A Passionate Man, Paperback Book
3.5 out of 5 (3 ratings)


The Logans were an enchanting and admirable couple.

Archie had snatched Liza from her own engagement party to someone else, wooed her, swept her off to his father in Scotland, and finally married her.

Now bedded firmly into country life - three children, Archie the village doctor, Liza a teacher, everything comfortable, funny, affectionate - they awaited the arrival of Archie's father, the brilliant Sir Andrew Logan, a widower for over thirty years.

When his city-clean Rover stopped in the drive, Sir Andrew was not alone.

Beside him was a golden lady in caramel suede, a warm, witty, desirable widow whom everyone - except Archie - adored at once.

Archie saw his father's mistress as the worm in the bud of his perfect life - a life that was to be wrenched apart before he and Liza could re-create their world.


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Showing 1 - 3 of 3 reviews.

Review by

Trollope's specialty seems to be close readings of intricately tangled relationships. Her characters are vivid, their POVs nuanced, and their interactions telling. Unfortunately, I thought Liza got rather cheated in the infidelity department (her husband Archie gets to have an affair, she doesn't), the change of Archie from golden boy to screwup is too sudden to be convincing, and the whole resolution is unsatisfying.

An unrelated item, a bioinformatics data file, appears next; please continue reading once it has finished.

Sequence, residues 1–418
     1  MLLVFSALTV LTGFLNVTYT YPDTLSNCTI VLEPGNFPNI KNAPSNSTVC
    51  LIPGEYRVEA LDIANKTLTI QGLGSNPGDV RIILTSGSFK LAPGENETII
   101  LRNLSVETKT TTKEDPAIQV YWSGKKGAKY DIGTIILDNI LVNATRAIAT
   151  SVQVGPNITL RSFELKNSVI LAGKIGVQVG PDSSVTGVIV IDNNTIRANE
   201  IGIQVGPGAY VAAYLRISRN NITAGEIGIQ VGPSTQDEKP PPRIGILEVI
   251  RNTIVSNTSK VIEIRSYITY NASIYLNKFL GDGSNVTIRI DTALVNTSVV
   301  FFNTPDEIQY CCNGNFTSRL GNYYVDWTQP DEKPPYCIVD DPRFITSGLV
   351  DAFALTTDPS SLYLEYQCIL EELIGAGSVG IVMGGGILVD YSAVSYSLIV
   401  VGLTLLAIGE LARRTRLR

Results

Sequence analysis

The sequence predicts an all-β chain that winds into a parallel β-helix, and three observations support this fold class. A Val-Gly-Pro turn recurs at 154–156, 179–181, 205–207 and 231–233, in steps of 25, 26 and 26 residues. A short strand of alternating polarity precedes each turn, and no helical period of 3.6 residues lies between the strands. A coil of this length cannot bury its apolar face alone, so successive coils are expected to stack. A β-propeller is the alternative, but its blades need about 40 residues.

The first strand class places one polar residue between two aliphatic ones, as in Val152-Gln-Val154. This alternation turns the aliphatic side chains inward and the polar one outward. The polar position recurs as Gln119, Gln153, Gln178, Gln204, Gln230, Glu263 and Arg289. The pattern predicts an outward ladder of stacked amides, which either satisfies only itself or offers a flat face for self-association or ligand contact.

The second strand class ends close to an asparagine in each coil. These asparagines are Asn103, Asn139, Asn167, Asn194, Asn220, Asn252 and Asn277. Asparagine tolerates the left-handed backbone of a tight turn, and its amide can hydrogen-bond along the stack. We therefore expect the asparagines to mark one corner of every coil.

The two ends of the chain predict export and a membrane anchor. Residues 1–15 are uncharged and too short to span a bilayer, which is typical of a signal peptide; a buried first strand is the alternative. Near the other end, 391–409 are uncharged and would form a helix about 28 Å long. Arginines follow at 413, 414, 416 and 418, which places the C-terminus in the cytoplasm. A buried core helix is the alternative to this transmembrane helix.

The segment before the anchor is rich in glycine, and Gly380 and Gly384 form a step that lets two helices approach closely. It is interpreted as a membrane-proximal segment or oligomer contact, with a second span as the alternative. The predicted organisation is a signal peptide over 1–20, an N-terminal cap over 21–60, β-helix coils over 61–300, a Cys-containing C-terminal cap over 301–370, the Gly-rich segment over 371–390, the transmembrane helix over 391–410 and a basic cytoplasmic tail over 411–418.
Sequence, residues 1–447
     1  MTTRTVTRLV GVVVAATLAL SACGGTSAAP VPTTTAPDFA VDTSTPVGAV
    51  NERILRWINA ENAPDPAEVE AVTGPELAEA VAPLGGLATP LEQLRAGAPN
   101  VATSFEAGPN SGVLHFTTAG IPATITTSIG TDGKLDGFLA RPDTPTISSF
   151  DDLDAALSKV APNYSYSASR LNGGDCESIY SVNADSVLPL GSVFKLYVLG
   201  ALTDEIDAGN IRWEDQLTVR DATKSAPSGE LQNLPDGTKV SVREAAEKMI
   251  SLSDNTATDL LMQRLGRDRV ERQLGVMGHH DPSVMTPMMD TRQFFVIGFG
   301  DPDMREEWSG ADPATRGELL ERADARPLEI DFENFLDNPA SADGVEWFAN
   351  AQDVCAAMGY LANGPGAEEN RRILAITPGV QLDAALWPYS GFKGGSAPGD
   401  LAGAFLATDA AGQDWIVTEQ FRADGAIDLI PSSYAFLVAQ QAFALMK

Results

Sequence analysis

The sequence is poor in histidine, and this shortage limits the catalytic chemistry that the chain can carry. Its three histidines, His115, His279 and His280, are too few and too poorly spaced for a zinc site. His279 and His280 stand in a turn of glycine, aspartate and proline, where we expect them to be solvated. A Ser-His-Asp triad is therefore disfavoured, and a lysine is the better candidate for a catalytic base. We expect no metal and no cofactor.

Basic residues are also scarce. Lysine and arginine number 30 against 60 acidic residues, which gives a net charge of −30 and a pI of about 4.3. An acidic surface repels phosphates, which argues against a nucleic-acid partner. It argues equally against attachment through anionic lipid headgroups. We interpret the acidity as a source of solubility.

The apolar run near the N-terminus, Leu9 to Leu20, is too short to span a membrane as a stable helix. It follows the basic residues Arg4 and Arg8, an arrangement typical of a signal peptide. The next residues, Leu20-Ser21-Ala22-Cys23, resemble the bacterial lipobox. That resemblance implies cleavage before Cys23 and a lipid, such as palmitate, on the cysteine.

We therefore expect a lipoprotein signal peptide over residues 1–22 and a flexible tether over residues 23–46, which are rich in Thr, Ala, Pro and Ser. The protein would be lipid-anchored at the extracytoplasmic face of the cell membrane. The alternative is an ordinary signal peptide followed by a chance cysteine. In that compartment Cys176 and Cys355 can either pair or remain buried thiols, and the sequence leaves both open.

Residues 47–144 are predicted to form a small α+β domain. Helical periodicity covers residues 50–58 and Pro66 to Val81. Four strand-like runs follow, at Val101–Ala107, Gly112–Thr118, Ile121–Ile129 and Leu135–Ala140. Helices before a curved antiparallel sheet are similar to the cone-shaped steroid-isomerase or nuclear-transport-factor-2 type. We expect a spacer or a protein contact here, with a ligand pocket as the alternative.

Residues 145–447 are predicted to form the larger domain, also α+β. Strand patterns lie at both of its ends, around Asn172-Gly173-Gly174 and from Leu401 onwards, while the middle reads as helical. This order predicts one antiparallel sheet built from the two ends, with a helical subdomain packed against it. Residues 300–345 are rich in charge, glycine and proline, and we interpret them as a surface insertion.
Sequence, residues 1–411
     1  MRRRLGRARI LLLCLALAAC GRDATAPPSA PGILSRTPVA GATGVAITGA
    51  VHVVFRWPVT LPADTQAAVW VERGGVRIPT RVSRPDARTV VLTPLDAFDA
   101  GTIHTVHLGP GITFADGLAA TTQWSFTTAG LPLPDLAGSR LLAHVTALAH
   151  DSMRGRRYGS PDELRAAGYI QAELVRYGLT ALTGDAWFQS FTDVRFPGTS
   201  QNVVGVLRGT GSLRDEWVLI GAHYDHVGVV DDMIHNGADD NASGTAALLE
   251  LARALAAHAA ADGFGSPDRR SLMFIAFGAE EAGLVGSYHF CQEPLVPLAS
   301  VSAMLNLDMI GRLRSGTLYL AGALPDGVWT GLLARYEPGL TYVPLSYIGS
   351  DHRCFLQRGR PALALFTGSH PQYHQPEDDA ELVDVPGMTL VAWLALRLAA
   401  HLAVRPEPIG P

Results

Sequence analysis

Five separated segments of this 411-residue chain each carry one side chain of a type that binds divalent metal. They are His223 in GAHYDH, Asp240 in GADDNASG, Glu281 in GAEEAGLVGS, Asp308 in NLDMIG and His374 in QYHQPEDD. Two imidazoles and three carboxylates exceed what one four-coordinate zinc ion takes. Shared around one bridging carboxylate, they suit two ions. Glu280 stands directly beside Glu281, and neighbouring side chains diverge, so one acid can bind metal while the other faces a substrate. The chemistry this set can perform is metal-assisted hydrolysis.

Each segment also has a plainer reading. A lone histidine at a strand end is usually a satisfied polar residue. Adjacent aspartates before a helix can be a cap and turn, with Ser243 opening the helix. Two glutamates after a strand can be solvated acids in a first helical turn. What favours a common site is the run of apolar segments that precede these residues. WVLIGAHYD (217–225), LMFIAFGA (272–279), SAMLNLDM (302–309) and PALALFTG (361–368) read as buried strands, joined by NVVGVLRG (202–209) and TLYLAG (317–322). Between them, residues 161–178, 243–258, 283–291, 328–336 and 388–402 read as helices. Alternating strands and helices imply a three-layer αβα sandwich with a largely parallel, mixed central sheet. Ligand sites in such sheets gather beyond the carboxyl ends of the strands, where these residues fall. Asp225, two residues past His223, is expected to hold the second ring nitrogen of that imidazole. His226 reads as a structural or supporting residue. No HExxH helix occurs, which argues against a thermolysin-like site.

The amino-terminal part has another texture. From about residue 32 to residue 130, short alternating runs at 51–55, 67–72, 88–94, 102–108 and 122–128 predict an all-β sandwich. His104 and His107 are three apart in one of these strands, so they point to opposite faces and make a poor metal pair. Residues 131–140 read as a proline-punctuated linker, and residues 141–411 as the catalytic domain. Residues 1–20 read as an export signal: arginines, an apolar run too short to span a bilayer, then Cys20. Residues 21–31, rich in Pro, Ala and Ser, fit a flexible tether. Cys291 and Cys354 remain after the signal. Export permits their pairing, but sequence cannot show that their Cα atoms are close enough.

Review by

I've read Joanna Trollope's novels for years and generally think I liked the earlier ones more than the later books. When I was adding all my reading & book records to Goodreads & LibraryThing recently I was surprised to find this book popping up as unread as I thought I had read all of the earlier books at least. I expected to suddenly remember the story part of the way through and realise that I had read it before but I'm pretty certain this one was new to me. Or completely forgotten which is just as good!Despite reading all of them I always start off these books thinking they are going to be rubbish... they are full of characters who appear at first glance to be rather stereotyped examples of the upper middle classes, people with big houses, good jobs, stable relationships, long family histories verging on the aristocratic, perfect children effortlessly kept in private schools etc. But what I enjoy is that things are never quite as they seem and that Trollope plays with the stereotypes and rather makes fun of her characters along the way. She nearly always writes about women and despite the title this book is mostly about the women surrounding the men. I never did figure out which man was supposed to be the passionate one, there are two obvious possibilities as far as I can see; and Liza Logan, wife of one of them, and daughter-in-law of the other was a far more interesting character than either. Published in 1990 this feels rather like a period piece now.

Review by

An excellent picture of village life, and great observations of the stresses and tensions that can arise in even the happiest of families. Emotional in places, amusing in others, and somewhat thought-provoking. Recommended.

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